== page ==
King's Head Theatre, London N1
Opened 7 September, 2000

Joshua Goldstein's Martin Night was published in 1993, but is only now receiving its world premier (sic; the misspelling on the posters is corrected on the programme cover). This may suggest that Goldstein is, like Howard Barker, a member of that playwriting élite whose work is so rigorous that it scares people away from actually daring to stage it; it may, on the other hand, indicate that the play just isn't much cop. On the evidence of Dan Crawford's King's Head production, I incline towards the latter.

The piece is a period family drama set in 1966, just at the tail-end of the apple-pie era of the Norman Rockwell images which fill the programme and which are dissected through the narrative. Here, father Ben, a Treblinka survivor, represses the memory of his early life except for his attempts to instil a sense of the random cruelty of the world into his fifteen-year-old son, which amount to Ben's keeping the cruelty going himself. His overweight son – known universally as "the Roundman" – is assaulted both by his father's sergeant-majoring and his mother's, well, excessive mothering, and further done down by his spoilt-brat daddy's-pet elder sister. Matters come to a head on the evening when the Roundman is due to suffer a ritual of collective "hazing" by the jocks from his high school (the Martin Night of the title).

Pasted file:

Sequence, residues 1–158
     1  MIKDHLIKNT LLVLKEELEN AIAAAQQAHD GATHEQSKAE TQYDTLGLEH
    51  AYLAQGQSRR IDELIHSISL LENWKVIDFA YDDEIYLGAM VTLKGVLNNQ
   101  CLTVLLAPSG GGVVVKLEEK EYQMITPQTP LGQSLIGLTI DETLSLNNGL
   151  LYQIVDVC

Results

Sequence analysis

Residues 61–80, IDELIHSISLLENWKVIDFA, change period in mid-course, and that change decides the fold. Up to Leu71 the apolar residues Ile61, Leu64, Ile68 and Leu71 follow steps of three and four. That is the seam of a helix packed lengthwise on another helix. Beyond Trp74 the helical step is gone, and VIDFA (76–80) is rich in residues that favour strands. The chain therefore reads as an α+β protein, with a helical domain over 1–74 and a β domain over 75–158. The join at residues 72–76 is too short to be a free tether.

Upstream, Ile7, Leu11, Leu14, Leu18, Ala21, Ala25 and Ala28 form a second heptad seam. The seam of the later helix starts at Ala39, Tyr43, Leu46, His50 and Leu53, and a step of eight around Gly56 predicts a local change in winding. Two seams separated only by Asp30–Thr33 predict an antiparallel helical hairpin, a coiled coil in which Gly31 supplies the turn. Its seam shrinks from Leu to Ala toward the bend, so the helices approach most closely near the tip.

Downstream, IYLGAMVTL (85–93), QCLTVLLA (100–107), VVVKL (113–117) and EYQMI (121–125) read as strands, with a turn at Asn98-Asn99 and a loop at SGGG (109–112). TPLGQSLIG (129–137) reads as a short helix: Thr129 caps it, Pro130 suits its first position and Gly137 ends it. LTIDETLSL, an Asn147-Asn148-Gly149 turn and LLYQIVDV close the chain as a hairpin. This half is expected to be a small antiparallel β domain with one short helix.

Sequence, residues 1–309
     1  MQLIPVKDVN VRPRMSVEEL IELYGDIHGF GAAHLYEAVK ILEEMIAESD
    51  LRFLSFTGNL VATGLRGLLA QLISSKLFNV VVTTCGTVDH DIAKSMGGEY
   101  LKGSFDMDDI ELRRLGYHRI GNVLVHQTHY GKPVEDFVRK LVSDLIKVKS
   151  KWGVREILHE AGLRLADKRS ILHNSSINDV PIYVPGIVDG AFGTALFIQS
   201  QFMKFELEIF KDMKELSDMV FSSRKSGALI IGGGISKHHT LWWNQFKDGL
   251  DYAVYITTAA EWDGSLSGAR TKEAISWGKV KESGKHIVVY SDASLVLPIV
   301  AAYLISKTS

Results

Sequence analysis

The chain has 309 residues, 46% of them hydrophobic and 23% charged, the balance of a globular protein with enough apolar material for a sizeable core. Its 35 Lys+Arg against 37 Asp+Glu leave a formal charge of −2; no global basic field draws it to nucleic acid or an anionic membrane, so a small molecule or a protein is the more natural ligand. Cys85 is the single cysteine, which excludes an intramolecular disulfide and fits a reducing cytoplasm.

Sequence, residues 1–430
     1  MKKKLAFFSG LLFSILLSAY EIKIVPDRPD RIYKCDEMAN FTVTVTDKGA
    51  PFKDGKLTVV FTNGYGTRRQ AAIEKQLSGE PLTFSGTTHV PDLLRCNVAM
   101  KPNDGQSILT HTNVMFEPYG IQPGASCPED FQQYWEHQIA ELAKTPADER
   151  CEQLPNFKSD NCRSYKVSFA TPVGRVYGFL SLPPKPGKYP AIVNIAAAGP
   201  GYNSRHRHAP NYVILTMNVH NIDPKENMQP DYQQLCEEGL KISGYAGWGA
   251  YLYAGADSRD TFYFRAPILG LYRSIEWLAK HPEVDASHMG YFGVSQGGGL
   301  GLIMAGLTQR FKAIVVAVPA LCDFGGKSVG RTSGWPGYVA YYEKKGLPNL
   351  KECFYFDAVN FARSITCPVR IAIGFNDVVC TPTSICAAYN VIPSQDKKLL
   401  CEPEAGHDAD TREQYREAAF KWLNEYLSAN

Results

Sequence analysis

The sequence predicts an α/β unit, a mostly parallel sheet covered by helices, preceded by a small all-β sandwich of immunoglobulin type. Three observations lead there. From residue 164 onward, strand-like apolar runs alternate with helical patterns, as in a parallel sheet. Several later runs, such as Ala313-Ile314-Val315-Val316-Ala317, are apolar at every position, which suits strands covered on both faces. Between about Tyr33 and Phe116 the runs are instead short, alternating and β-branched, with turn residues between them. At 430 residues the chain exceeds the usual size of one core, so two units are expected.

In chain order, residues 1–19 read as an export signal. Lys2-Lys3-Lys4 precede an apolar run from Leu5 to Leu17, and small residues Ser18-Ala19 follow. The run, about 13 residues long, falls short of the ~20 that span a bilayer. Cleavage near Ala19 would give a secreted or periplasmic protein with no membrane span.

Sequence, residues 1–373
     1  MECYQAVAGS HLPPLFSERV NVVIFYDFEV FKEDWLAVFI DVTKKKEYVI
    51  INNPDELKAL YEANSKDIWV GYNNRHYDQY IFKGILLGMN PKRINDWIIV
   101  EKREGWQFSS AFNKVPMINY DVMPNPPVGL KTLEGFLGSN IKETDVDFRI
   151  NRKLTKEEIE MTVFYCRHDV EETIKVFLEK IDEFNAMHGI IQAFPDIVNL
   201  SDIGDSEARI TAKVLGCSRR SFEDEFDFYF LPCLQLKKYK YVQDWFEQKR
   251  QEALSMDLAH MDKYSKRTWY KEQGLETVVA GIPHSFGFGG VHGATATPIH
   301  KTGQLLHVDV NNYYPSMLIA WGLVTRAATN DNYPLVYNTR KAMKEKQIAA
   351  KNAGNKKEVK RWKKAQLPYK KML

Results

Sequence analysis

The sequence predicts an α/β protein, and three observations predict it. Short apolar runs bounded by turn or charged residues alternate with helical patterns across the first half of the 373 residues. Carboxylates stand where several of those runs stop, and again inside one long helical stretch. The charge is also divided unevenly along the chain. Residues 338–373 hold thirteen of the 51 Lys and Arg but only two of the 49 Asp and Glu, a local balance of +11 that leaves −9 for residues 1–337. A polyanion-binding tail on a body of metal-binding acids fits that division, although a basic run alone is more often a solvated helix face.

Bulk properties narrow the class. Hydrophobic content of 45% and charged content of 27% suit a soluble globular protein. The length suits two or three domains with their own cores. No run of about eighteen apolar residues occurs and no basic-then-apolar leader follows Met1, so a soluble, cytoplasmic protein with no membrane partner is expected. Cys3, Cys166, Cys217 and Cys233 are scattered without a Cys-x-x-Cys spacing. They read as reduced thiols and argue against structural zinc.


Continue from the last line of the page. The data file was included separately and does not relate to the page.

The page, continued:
Goldstein is unwilling to let matters progress for more than a few minutes at a time before having one or another character turn to the audience to deliver an explanatory speech and/or go into flashback – accompanied, in either case, by cudgel-unsubtle lighting changes. Brian Protheroe is never less than a solid actor, but is here called upon to do little more as Ben than be ramrod-backed and talk about actuarial probabilities. Kika Markham is likewise dependable as the former patrician socialite Billy, who took pity on refugee Ben and now tries to find solace in little "good works", although bizarrely during the second half Billy seems to acquire some of the European-Jewish mannerisms and vocal inflections her husband has shed. Tom Wright as the Roundman (besides being not nearly as round as the script demands – as one who did weigh some 200lb. at that age, I know whereof I write) simply does not have the acting skills to command audience attention; even when nothing is happening but the Roundman alone on stage, talking expansively straight out to the house, Wright gives the impression that he would rather be part of the furniture. Paradoxically, portraying low self-esteem requires much more confidence than Wright yet possesses. Goldstein's play itself says nothing except that people tend to misunderstand each other, which isn't exactly late-breaking news.

Written for the Financial Times.

Copyright © Ian Shuttleworth; all rights reserved.

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